History of Varroville

Robert Townson is a familiar name to most Campbelltonians. Not only is Townson Avenue a major road in Leumeah and Minto, but a large primary and high school in Raby is named in his honour as well. But who was he?

Dr Townson, born in 1763, was arguably the finest scholar and scientist ever to set foot in the early colony. And the farm(PDF, 50KB) he established on the hills north-west of Campbelltown has given birth to the modern suburb name of Varroville.

Fluent in Latin, Greek, French and German, Townson boasted a brilliant mind, and his zest in natural history was widely admired. One of his closest friends was Sir Joseph Banks, and at home in England he had everything at his beck and call.

But the unmarried scholar was increasingly intrigued by tales of Australia, sent to him by his brother, Captain John Townson of the NSW Corps.

When the good doctor decided to emigrate to Sydney, the British Government almost knocked him down in the rush to get the paperwork approved, as he was just the type of man needed to bring a touch of class to the roughneck colony.

But shortly after his arrival in 1807, Dr Townson fell foul of Governor Bligh and was soon conspiring his downfall with John Macarthur and officers of the NSW Corps. This intrigue culminated in the famous "Rum Rebellion" of 1808, which saw Bligh deposed from power.

But Townson soon turned on the new rebel administration and his vocal attacks continued until the arrival of Governor Lachlan Macquarie in 1809.

Macquarie not only confirmed a large land grant for Townson at Botany Bay, but also gave him an additional 1000 acres (400ha) in the local area. This huge estate was named Varro Ville by Townson, reputedly after the ancient Roman agriculturalist and author, Marcus Terentius Varro.

The Varro Ville homestead was constructed of rendered sandstone bricks on a stone foundation. The frogs of indentations to hold the mortar in the bricks are in the shape of diamonds, spades and hearts. The cedar joinery indicates the early age of the house, but other additions suggest some alterations around the 1870s.

A second cottage, thought to date from 1810, and the old coach house are still standing.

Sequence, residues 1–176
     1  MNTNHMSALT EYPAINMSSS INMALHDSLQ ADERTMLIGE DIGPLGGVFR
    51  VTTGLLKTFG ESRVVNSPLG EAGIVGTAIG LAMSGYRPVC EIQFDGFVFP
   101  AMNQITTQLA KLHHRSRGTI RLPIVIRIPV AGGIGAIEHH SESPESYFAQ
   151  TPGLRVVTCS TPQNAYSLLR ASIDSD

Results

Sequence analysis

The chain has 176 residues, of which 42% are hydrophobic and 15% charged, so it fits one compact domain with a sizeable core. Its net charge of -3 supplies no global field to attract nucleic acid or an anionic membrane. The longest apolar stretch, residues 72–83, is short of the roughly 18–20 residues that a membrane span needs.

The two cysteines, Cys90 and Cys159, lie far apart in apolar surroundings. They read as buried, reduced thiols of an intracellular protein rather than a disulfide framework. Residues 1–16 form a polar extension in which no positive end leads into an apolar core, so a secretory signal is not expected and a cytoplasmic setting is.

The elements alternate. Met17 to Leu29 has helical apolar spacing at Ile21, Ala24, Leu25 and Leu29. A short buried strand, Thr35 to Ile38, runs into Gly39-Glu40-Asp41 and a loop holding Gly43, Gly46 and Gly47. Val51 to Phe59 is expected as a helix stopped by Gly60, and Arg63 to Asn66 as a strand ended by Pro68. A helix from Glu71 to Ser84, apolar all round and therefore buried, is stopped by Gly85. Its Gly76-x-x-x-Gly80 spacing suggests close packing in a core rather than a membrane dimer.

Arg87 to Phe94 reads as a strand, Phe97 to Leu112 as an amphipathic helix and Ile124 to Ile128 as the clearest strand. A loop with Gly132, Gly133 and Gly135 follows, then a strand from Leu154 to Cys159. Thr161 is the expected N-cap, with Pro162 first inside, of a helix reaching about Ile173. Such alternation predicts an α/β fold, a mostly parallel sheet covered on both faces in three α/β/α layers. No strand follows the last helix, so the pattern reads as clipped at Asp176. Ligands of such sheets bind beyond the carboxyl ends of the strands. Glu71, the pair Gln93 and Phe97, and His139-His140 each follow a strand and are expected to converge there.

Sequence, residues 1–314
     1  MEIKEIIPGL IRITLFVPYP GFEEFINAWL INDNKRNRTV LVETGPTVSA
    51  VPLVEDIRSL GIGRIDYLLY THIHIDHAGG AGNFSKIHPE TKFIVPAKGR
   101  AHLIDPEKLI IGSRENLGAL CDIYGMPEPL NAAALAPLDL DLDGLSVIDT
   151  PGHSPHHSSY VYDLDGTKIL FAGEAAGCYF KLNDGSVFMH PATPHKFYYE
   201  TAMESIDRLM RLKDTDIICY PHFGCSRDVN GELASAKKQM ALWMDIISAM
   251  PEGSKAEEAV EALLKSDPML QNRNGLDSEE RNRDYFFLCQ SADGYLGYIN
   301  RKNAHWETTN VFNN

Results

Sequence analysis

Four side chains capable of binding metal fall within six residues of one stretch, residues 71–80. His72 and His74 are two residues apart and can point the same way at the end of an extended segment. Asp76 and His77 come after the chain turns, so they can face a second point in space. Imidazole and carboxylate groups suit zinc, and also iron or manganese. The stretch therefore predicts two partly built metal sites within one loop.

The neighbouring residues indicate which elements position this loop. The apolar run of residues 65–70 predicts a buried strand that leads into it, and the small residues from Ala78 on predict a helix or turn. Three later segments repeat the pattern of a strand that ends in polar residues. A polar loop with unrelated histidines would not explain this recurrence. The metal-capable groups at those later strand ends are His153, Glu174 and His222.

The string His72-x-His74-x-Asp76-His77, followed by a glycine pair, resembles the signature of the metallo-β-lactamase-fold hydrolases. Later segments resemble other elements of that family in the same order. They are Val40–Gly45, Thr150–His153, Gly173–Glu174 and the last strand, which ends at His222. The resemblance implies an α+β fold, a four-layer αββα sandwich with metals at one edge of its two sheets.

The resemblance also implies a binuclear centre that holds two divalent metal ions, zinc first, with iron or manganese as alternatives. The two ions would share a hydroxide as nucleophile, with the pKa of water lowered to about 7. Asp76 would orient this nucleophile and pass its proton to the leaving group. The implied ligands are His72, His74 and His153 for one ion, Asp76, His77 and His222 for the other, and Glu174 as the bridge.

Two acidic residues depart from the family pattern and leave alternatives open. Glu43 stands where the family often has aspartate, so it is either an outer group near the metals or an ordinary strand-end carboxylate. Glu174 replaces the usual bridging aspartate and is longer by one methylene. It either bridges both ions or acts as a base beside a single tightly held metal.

Dr Townson had already fallen foul of English society, Governor William Bligh, and the rebel administration of 1808-09. Now it was Macquarie's turn.

Following a war of words with Governor, Townson angrily shut himself away from day-to-day colonial matters and devoted almost every walking hour to the improvement of his farm.

It was only after Macquarie's departure in 1822 that he re-entered Sydney life, became a foundation member of the NSW Royal Agricultural Society and was appointed a magistrate in 1826. Townson also helped to establish the Sydney Dispensary which gave free medical attention to the poor.

His library was the most extensive in the colony and dinner parties at his home were always intellectual debating forums. When he died in 1827, Townson left behind a thriving vineyard and sheep/cattle farm.

Varro Ville became the property of Thomas Wills, a brother of Sarah Redfern, and in 1837 in was purchased by one of the greatest Australian explorers, Charles Sturt. He had moved to the Campbelltown area from Mittagong because of the bushranger problems in that region. But he didn't stay at Varro Ville for long, accepting a top government job in the colony of South Australia in 1839.

The new owner was James Raymond, who was to become the NSW Postmaster-General. Supreme Court judge, Alfred Cheeke became another owner, and by the turn of the century the estate was one of the region's leading dairy farms.

But Varro Ville, which was often abbreviated to Varroville, fell into disrepair earlier this century. Purchasing the estate, Mr and Mrs A.C.M. Jackaman established beautiful gardens surrounding the homestead. It should be noted that at this time there was no suburb or locality called "Varroville". If any address was given for the old homestead or other farms in the area, it was "Minto".

The house was later held by the National Trust, and is now being painstakingly restored by new owners.

In April 1972, the entire area was "preserved" as part of the new Central Hills Scenic Protection Lands - better known today as "The Scenic Hills".

Only a few months later, the Jackamans applied to subdivide the core of the old Varro Ville farm into two portions. This was rejected by Campbelltown Council, which continues to guard the minimum lot sizes allowed in the area, in an effort to protect the rural view.

In 1976 the name Varroville was officially approved as the suburb name, encompassing the entire area between Raby and Denham Court.

Varroville's main thoroughfare is St Andrews Road, which follows the path of the old farm track that once skirted the St Andrews property of Dr Townson's nearest neighbour, Andrew Thompson. The only other roads in the suburb recall the names of two other saints - St James and St David.

The entrance to Varroville today is dominated by the Mount Carmel Novitiate. When the foundation stone of this chapel and Carmellite friary was laid in 1966, the Campbelltown-Ingleburn News noted the "Mt Carmel" name came from Palestine, where the order was founded many centuries ago. The adjoining Mount Carmel Catholic High School opened in 1986.

In 1995, Varroville still enjoys a reputation for beautiful hills, sweeping views and old farms. As long ago as 1959, Alderman Guy Marsden had lobbied to build a park and lookout "the equal of Echo Point in the Blue Mountains" in the area. The site he had earmarked was on the ridgeline off St James Road, but almost four decades later, his dream remains just that - a dream.

"Campbelltown's Streets and Suburbs - How and why they got their names" written by Jeff McGill, Verlie Fowler and Keith Richardson, 1995, published by Campbelltown and Airds Historical Society.

Reproduced with permission of the authors.